Last-second sweethearts have options |

Last-second sweethearts have options

For centuries they sang serenades in fragrant arbors under moonlit windows and tree-shaded balconies, but nowadays they have options galore – orchids from Hawaii, European chocolates, even heart-shaped pizzas – to express their love. So on Valentine’s Day, the last-minute Romeos will have more choices to choose their presents from than they could possibly care to check out.

In Dorado Chocolates in downtown Grass Valley, one can buy more than 100 types of chocolates and truffles, and in a variety of gift packs too.

“The big sellers are the Signature D (chocolates) – my signature line,” said Ken Kossoudji, the owner of the store. “It comes in a variety of boxes, from heart-shaped ones to the more contemporary European boxes. The Signature D consists of old-world European-style chocolates. I learned to make them in Paris.”

All around the store – redolent with the smell of dark chocolate – boxes of different sizes and shapes tantalize the buyer. There are the standard rectangular ones tied with ribbons, with red and pink hearts printed on them. But on the fancier side, there are the faux giraffe and the faux tiger heart-shaped boxes with a velvety finish of giraffe and tiger skins. Prices range from $10 to $80, depending on the box and the chocolates inside. The $80 pack is a heart-shaped box made of crimson raw silk. The box slides open, revealing a shiny, golden interior.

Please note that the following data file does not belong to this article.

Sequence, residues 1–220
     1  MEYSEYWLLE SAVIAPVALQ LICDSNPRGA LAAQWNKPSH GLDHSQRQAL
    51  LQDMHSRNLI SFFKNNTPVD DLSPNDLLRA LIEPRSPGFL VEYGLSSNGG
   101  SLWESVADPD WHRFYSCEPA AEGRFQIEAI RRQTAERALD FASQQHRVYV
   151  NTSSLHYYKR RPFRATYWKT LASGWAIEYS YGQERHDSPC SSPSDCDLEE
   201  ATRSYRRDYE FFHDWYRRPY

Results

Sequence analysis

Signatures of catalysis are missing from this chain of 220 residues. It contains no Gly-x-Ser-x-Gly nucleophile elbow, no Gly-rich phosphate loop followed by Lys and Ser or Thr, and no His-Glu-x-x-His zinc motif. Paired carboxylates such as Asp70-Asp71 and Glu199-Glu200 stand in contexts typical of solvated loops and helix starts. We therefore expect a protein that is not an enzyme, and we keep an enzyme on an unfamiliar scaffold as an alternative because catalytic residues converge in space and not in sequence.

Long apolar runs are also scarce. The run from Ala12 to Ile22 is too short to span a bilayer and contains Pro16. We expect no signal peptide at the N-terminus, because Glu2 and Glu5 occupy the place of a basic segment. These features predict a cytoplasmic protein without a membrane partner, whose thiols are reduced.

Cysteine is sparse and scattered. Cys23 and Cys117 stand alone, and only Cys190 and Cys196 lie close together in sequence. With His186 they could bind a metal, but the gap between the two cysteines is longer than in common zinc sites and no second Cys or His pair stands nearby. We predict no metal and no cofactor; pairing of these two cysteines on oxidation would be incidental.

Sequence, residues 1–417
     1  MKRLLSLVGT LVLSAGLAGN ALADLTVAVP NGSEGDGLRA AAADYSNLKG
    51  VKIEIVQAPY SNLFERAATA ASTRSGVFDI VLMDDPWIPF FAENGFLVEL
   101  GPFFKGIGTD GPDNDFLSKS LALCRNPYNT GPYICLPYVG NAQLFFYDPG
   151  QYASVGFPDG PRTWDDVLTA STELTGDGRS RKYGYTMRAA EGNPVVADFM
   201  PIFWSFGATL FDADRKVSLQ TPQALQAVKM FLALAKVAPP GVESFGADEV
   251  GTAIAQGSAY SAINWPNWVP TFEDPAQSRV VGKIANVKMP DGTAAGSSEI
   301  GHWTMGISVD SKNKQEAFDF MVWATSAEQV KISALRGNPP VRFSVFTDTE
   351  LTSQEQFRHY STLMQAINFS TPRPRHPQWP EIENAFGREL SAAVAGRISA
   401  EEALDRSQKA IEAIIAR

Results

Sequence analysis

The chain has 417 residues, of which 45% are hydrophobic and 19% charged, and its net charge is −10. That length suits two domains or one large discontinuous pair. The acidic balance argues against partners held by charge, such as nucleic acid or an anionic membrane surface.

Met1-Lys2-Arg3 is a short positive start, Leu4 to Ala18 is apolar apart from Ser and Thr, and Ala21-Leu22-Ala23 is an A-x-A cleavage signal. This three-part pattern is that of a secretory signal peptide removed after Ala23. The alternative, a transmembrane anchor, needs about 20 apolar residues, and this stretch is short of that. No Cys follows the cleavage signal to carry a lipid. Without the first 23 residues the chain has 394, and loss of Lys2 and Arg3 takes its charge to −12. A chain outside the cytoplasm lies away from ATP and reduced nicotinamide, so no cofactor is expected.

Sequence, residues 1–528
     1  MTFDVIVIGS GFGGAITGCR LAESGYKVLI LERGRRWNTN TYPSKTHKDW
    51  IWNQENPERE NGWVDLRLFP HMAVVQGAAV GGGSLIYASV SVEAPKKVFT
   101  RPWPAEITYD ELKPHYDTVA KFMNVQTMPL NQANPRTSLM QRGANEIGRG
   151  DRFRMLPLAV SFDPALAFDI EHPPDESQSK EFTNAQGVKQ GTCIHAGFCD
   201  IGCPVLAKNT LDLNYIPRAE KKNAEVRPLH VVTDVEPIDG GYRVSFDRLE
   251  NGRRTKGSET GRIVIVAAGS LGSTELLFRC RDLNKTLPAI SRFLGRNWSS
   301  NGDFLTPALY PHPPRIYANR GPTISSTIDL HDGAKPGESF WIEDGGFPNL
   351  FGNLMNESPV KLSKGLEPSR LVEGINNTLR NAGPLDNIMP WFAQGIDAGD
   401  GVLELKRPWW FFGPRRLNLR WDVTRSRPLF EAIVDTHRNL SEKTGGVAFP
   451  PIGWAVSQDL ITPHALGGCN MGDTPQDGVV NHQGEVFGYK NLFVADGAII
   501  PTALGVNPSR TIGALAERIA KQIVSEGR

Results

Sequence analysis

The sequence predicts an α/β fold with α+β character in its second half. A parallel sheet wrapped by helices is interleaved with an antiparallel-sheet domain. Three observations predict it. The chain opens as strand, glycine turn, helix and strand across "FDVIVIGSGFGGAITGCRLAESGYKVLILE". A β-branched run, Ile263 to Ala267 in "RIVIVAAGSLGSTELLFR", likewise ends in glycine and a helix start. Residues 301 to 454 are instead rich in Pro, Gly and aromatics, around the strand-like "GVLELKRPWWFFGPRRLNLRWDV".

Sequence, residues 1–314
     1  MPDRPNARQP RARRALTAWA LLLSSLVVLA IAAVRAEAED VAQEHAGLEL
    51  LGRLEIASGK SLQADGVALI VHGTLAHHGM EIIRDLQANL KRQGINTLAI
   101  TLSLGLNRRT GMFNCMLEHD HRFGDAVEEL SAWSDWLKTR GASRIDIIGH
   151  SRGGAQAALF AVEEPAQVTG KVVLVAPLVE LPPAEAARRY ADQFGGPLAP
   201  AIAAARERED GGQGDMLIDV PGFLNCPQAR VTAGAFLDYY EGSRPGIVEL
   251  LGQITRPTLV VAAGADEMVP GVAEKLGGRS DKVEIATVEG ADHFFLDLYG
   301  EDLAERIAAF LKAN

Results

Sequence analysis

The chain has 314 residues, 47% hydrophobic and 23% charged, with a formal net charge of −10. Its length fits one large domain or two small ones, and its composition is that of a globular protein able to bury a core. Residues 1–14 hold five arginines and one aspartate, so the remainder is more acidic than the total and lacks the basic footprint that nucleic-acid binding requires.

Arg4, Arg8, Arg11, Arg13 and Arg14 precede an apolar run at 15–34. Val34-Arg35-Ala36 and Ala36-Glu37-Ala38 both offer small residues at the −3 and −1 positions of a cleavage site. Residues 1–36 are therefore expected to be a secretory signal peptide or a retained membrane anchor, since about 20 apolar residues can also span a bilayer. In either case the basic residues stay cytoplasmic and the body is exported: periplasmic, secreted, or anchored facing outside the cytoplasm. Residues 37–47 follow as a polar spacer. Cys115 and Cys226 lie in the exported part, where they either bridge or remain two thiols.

At Confectionately Yours on Mill Street in Grass Valley, choices are equally copious. A special table’s arranged with Valentine’s Day merchandise. Among the innumerable boxes of candies, and a vase of red and pink chocolate roses, three heart-shaped boxes draw ones attention the most: a cream-colored box with a broad golden gauze-ribbon with pale pink and blue flowers printed on it; a blue box with tiny collars and a tiny striped tie on it, and a black and pink box with a lace and net corset-patterned lid.

“We’re dipping strawberries. It’s going very well, we are very busy,” said Glenda Blair, co-owner of the shop. “We’re dipping strawberries in milk chocolate, white chocolate and dark chocolate.”

The best-sellers include gift boxes with Valentine Day’s themes, truffles and strawberries, Blair said. Prices of the gift-packs include the cost of the box along with that of the chocolates, $14 a pound.

In flowers, however, people seem to prefer the traditional red roses over the more spiky, pink-petalled spider mums, the sensual red Hawaiian anthuriums, the deep purple orchids, or the peach pincushion protea.

“More than two-thirds of the customers order for red roses,” said Mark Johnson, co-owner of Foothill Flowers. “We sell a lot of carnations and orchids and other flowers as well.”

Though quite a number of orders have been made, Johnson is expecting orders to be placed on Valentine’s Day too. In fact, according to Blair, the male customers have not yet started coming.

“We get a lot of parents and grandparents buying for their children,” she said Monday, about most of the buyers in her shops. “I would say the large percentage of customers have been female customers (who are buying for their children). We are expecting the men to show up in droves later. Tomorrow will be the big day.”


To contact staff writer Soumitro Sen, e-mail or call 477-4229.

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